As the PhD Coordinator for the doctoral students in the Management Science track (some of the other tracks are: Finance, Accounting, Marketing, Organizational Studies, and even Sports Management) it is very exciting to see the new group of doctoral students who will be working closely with the faculty on research and, ultimately, teaching 2 or so courses at our school, before they received their PhDs.

And as Faculty Advisor to the UMass Amherst INFORMS (Institute for Operations Research and the Management Sciences) Student Chapter I am delighted that the students already held an election and elected their 2010-2011 chapter officers!

Plus, we have thousands of new undergraduate students (4,500 freshmen, to start, at UMass Amherst) that have arrived. With neighboring colleges such as Amherst College, Hampshire College, Smith, and Mount Holyoke also beginning the new academic year, this area of western Massachusetts is teaming with energy (and more traffic, I might add).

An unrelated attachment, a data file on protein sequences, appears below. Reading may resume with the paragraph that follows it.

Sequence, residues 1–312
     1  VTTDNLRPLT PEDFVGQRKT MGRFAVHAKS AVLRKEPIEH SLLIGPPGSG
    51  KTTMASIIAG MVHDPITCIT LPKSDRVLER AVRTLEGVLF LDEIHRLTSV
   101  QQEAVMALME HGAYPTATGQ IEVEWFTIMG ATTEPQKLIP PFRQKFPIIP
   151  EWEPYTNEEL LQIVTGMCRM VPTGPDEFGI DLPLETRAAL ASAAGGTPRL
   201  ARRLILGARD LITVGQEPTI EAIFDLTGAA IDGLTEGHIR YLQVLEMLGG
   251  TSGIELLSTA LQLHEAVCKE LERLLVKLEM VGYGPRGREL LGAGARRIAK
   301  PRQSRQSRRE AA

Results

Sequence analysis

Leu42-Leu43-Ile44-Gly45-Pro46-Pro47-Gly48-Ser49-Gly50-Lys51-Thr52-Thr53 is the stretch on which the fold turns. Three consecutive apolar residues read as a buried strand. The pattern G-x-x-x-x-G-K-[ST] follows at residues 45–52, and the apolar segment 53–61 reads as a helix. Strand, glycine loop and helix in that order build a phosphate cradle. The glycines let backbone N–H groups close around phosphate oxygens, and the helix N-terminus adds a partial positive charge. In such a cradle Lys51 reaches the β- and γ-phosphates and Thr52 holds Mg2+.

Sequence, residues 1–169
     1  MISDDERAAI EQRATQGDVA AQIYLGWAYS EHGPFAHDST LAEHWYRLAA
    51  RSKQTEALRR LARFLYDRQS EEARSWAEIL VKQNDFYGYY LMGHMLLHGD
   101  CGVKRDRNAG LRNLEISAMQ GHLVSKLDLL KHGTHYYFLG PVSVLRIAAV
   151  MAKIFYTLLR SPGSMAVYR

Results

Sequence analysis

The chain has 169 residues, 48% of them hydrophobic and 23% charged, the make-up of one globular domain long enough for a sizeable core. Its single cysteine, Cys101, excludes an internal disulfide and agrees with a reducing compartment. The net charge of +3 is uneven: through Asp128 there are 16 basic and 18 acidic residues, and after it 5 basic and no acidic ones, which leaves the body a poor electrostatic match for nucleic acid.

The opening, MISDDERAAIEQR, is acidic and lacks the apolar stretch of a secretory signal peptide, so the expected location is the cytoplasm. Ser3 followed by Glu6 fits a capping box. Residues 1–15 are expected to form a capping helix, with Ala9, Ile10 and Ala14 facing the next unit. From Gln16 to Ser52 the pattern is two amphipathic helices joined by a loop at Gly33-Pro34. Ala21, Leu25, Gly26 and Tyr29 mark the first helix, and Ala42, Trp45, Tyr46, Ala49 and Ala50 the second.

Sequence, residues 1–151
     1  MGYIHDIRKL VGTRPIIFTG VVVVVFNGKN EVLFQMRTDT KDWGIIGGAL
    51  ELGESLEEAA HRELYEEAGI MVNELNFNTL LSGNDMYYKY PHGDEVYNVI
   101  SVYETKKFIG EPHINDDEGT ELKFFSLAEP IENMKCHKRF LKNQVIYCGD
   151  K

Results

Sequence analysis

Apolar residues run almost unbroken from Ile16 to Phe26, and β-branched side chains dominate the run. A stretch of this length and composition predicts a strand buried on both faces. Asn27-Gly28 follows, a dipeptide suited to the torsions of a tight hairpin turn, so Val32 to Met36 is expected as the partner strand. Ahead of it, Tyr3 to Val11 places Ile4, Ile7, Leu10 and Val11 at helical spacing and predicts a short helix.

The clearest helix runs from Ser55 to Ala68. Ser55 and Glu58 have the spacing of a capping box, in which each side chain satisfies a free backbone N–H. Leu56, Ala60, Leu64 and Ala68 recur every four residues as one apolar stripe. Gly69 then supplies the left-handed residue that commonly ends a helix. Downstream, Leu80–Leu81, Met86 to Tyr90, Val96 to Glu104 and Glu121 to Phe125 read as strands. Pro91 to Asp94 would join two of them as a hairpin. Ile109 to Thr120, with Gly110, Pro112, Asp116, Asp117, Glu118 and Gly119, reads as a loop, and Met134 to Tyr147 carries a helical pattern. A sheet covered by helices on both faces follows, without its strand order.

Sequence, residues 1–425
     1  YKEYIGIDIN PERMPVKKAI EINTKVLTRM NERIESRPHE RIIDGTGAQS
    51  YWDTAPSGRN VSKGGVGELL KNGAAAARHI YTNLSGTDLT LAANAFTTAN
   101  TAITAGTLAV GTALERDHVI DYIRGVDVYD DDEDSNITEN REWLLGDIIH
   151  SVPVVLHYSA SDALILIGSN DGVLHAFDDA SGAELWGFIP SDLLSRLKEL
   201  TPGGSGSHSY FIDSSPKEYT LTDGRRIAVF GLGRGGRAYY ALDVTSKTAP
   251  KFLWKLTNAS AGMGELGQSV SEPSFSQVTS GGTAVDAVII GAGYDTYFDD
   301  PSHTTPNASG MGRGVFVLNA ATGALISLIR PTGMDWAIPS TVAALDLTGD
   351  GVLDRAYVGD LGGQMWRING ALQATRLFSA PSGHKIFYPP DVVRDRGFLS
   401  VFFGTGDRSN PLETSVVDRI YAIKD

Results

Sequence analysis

Last Friday night, with the reception at the Isenberg School and the one honoring Anna Schuleit and her "Just a Rumor" painting on the side of the Fine Arts Center, there was no need to cook dinner.

Friday, September 10, 2010

Just A Rumor by Anna Schuleit at UMass Amherst

I had the distinct pleasure today of attending a reception in honor of the artist, Anna Schuleit, and her "Just A Rumor," a dramatic painting, which was painted upside down on a wall of the Fine Arts Center at UMass Amherst, with a reflection in the campus pond. Anna Schuleit was featured today in the Wall Street Journal, and since she was a Fellow at the Radcliffe Institute for Advanced Study at Harvard University the year after I was one, this was an event that I did not want to miss. Plus, it is so intriguing to try and figure out whose face she painted upside down! Can you guess?

The above photos were taken at the event, and include several of Anna Schuleit, of her painting, the reflections in the pond, and of some of the guests.

What I most appreciated, besides this dramatic public painting, and its changing reflection, was when Schuleit spoke about why paintings are so important and how they help us to stop and to slow down in this era of decreasing attention spans and moving images on computer screens. The late afternoon was cloudy and there was a slight wind, which created waves in the pond, so the reflection of the painting, which was completed by Schuleit only an hour before, moved soothingly with the waves.